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Lebanon’s Hizbollah Turns Eastward to Syria
Lebanon’s Hizbollah Turns Eastward to Syria
Table of Contents
  1. Executive Summary
Terrorism and Counter-terrorism: New Challenges for the European Union
Terrorism and Counter-terrorism: New Challenges for the European Union

Lebanon’s Hizbollah Turns Eastward to Syria

Hizbollah’s intervention in Syria strengthens the Assad regime but transforms the Shiite movement as it redefines the enemy and itself within the confines of an increasingly sectarian struggle.

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Executive Summary

The Lebanese Shiite armed movement Hizbollah has gone all-in for Syrian President Bashar Assad. It has shown it will back his regime by any means necessary, despite doubts about its capacity to win a decisive victory and regardless of the risks to the movement’s own moral standing and cross-sectarian appeal. As it is drawn ever-deeper into its neighbour’s civil war that seems poised to endure for years, it finds itself increasingly distracted from its original anti-Israel focus and risking a profound reshaping of its identity.

Hizbollah’s original military objectives in Syria were clear: to save a regime it sees as a vital ally and distance Sunni jihadis from its borders and neighbourhoods. Its contributions have been crucial. Its forces reversed the regime’s flagging momentum and enabled it to gain the relative advantage it enjoys today. Its fight against the Syrian opposition, which it has cast in harsh sectarian terms, has shored up its support base. But the long-term costs – for both Hizbollah and the region – of involvement in a sectarian, zero-sum war could be as steep as the short-term benefits are significant.

The movement welcomed the initial “Arab Spring” uprisings directed at its foes. But it drew a line at Syria, and as Bashar Assad’s grip slipped, it came to see its own survival as a function of his. His fall would have deprived it of a vital ally and an important supply route for weapons from Iran; moreover, with the Syrian uprising having morphed into a regional proxy war, Assad’s fall would have recalibrated the regional balance of power to Hizbollah’s detriment. As al-Qaeda offshoots or affiliates emerged within rebel ranks, the Shiite movement, like its constituency, came to see the civil war as existential.

Allegations of Hizbollah’s military involvement in Syria surfaced in mid-2012, after armed opposition groups made notable gains in the south and east; surrounded Damascus, thus potentially endangering the regime; and took control of key border zones that connected the rebels with Sunni enclaves on the Lebanese side. After months of rumoured support, Hizbollah in May 2013 publicly took the lead in evicting rebels from the border town of Qusayr. Its fall in June boosted the regime and encouraged the Shiite group to extend its fight to the Qalamoun Mountains and beyond.

Its full-fledged military intervention steered Hizbollah into unchartered territory. From its perspective, it had little choice; subsequent events have confirmed to the movement that it took the right turn. Its military campaign has been successful, bolstering Assad’s position, and though dozens of Shiites in Lebanon have been killed in a wave of unprecedented al-Qaeda-inspired suicide bomb attacks since Qusayr, the movement is convinced that more would have died had it not distanced the Syrian rebels from Lebanon’s borders. These retaliatory attacks also benefited the movement by cementing its base, through seeming confirmation that Syrian rebels are Sunni extremists who all along have had Lebanon’s Shiites in their crosshairs.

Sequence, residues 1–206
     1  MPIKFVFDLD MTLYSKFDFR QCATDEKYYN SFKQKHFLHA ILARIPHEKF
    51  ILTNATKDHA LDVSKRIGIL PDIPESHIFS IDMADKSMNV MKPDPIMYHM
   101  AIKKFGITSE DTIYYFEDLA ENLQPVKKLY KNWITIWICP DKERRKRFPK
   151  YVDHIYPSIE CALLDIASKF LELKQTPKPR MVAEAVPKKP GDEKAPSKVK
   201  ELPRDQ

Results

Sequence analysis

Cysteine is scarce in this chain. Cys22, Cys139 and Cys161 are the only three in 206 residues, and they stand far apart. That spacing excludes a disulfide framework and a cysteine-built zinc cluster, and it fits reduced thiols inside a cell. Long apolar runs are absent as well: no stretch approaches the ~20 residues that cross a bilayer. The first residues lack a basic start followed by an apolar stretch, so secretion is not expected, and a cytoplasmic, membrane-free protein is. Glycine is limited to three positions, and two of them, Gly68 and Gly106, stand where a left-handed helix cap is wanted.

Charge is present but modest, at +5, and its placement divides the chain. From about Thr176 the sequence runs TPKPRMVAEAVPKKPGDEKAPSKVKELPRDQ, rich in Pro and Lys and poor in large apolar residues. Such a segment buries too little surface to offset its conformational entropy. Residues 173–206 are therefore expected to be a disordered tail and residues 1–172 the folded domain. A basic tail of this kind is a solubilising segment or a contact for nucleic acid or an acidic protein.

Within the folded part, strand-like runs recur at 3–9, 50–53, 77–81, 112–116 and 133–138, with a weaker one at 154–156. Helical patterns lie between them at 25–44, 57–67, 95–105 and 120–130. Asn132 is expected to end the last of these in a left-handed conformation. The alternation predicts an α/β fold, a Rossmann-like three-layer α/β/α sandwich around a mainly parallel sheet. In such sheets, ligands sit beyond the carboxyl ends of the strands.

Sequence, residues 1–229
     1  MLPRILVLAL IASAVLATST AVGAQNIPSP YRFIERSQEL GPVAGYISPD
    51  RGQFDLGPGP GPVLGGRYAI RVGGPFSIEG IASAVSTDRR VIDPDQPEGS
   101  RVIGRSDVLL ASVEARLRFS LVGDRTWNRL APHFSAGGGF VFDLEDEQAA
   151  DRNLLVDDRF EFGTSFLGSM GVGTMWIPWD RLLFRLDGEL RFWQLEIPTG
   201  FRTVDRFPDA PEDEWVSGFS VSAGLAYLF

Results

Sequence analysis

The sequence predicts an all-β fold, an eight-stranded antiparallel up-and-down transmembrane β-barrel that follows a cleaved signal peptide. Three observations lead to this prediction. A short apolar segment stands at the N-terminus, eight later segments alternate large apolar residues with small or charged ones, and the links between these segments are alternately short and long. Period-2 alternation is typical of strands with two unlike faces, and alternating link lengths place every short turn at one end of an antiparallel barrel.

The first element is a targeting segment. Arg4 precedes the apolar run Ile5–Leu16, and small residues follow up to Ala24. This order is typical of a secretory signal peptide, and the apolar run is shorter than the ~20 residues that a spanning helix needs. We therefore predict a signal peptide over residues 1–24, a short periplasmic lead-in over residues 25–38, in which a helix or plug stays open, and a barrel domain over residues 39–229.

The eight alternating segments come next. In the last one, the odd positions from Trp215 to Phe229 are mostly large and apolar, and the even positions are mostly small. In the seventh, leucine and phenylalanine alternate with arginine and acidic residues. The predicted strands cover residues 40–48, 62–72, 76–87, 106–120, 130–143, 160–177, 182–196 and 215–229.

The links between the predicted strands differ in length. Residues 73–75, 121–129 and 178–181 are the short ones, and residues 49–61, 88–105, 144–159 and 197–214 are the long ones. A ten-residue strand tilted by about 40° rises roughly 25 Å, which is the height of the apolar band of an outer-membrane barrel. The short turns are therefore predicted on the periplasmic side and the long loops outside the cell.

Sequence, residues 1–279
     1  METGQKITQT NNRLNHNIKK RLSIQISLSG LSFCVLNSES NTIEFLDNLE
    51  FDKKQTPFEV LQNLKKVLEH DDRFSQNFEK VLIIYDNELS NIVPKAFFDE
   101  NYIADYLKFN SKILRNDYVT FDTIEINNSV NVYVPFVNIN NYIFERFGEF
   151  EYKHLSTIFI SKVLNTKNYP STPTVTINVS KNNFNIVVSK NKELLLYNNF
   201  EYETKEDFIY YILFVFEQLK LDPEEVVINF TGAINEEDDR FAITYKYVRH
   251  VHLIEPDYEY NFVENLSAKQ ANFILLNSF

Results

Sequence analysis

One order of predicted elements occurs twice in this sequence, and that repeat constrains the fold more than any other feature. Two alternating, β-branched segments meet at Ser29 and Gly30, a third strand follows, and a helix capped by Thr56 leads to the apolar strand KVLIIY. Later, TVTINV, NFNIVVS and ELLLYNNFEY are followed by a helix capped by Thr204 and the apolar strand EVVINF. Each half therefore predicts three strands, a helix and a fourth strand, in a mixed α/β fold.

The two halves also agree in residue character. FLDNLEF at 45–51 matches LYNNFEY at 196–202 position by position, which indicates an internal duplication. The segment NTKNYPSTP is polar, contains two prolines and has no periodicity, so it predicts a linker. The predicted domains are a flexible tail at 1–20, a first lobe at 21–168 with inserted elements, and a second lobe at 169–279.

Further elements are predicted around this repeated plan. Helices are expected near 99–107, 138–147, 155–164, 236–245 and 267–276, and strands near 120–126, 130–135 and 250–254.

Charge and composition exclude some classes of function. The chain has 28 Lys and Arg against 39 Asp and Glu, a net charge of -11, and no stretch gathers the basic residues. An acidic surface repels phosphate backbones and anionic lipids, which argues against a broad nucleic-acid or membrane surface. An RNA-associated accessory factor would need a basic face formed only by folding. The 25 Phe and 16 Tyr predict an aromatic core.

In the longer term however, Hizbollah’s involvement in Syria threatens the movement and is problematic for Lebanon and the Arab world more broadly. It has deepened the regional sectarian divide, fuelled the very extremism it purports to combat and eroded the movement’s legitimacy among constituencies that previously were supportive. By framing its fight as a preemptive attack on takfiris – those who declare other Muslims to be apostates – Hizbollah has tarred all shades of the opposition, and indeed sometimes all Sunnis, with the same radicalising brush. It has exaggerated, and thereby exacerbated, the sectarianism of the Syrian opposition as well as its own domestic opponents. Once widely respected across the political and confessional spectrum, Hizbollah (literally “The Party of God”) now often is referred to as “The Party of Satan”. The warm popular embrace that for the movement was tantamount to strategic depth has diminished, along with its reputation for moral probity. Ironically, shoring up its eastern front has made Hizbollah more vulnerable.

These developments bode poorly for Lebanon, the well-being of which is dependent on the relations between its political blocs and confessional groups. The sectarian clashes the country experienced in 2013 and early 2014 have been brought under control by what is known as “the security plan”, but the respite is likely temporary. With Lebanon’s Sunnis frustrated, Shiites eager not to lose the gains of the past decades and smaller confessional groups caught in the middle, the year’s escalation is only a foretaste of what could ensue if the security agreement breaks down. In a country that has long lamented its political paralysis, many are hoping for just such a standstill – as a best-case scenario.